Punishment In The Great Gatsby Analysis

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By punishing only the poor out of those who commit wrongdoings, F. Scott Fitzgerald expresses his opinion about the power of the wealthy in his novel The Great Gatsby. Both Daisy Buchanan and Myrtle Wilson cheat on their husbands; however, Daisy’s prominent standing protects her from receiving an equivalent punishment to the retribution Myrtle suffers. Jay Gatsby and Meyer Wolfsheim also present an example of the rich escaping repercussions. Despite both men illegally acquiring their riches, only Gatsby experiences consequences for his actions. In addition, Tom Buchanan and Jay Gatsby both covet another man’s wife, yet Tom’s prominence in society prevents him from enduring a punishment similar to Gatsby’s. Although both the poor and the wealthy …show more content…
In New York, Meyer Wolfsheim is a well-known gambler who earns his money off cons; however, he always avoids the repercussions of these illegal practices. Clearly, Wolfsheim has power, especially in the gambling world because “he’s the man who fixed the World’s Series back in 1919” and earned a large profit from the venture (73). Wolfsheim can commit these crimes due to the fact that “[t]hey can’t get him… [because] he’s a smart man” and has the influence of his wealth to keep him above the rules (73). He never has to face the consequences of his actions as a result of his wealth, because with wealth comes power. Jay Gatsby, on the other hand, also illegally obtained the majority of his riches but must endure the punishment for his actions. Even though he seems to have power and a strong influence over others, Gatsby does not implement his wealth to gain power as Wolfsheim does, and these humble ideals cause him to encounter punishment for his actions. Gatsby possesses money, but he remains truly poor, and must face punishment for his cheating as his true self, James Gatz. When Tom realizes that Gatsby “hangs around with Meyer Wolfsheim,” and that is how he makes his money, Tom refers to Gatsby as “a common swindler” and “a bootlegger” who does not truly belong among the wealthy upper class (133). Daisy hears that Gatsby has cheated to acquire his money, …show more content…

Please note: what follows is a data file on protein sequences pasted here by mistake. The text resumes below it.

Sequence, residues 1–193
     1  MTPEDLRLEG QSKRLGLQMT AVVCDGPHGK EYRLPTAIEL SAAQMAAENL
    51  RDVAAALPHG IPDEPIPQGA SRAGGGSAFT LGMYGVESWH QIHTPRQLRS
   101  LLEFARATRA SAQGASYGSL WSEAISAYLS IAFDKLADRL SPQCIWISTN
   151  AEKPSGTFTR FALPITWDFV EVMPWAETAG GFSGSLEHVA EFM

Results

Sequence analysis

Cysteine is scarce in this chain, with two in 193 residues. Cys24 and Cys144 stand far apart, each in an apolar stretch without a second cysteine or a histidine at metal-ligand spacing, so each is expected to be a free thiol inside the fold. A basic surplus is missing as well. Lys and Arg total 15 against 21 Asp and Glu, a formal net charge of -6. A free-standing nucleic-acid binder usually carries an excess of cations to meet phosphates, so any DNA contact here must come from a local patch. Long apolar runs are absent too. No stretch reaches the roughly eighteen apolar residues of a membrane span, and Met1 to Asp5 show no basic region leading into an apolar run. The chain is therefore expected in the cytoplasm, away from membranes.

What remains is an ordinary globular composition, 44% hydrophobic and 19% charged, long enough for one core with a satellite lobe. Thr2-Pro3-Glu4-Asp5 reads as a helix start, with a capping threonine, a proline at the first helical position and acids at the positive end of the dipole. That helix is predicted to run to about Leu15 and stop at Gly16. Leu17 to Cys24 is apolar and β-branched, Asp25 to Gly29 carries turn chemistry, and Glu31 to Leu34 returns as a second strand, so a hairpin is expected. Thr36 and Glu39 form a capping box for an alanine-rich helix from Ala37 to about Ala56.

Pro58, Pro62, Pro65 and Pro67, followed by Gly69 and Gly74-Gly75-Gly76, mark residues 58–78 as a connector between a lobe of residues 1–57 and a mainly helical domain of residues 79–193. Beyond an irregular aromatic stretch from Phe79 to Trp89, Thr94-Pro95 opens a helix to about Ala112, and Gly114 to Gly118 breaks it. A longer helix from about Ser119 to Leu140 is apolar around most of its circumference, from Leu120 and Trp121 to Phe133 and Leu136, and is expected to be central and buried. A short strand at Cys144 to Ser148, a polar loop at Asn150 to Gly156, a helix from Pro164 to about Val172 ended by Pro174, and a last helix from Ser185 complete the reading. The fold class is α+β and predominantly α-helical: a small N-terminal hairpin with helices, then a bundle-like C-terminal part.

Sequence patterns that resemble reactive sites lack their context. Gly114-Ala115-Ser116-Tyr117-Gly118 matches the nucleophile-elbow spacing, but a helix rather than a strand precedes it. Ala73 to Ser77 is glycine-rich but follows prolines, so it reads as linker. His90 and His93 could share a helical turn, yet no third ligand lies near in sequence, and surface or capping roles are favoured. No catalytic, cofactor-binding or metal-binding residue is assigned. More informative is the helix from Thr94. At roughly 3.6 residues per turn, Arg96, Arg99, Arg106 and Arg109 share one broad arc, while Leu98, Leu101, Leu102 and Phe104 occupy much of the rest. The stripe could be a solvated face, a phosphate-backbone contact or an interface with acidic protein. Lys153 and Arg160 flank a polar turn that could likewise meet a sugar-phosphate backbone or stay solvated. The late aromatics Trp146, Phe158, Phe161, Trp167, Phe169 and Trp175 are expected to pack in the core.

Scott Fitzgerald’s novel The Great Gatsby, several characters commit wrongdoings, yet only the poor receive punishment; therefore, this imbalance portrays Fitzgerald’s thoughts of the wealthy’s power. Despite both women cheating on their husbands, Daisy Buchanan’s wealth shield’s her from repercussions, while the impoverished Myrtle faces a harsh punishment for her behavior. Further, Jay Gatsby and Meyer Wolfsheim both illegally obtain the majority of their money, yet Wolfsheim’s greater power protects him from experiencing an equal punishment to the consequences Gatsby faces. Finally, Tom Buchanan and Jay Gatsby both covet another man’s wife; however, Tom’s wealth gives him more of an influence, and he is unbothered with rules, while Gatsby receives punishment for his actions. The more wealth a person acquires, the more influential that person will become. Fitzgerald employs these characters to encompass his belief that the wealthy have more power in comparison to the poor and will not encounter consequences for their actions even if their actions are the same as a poor

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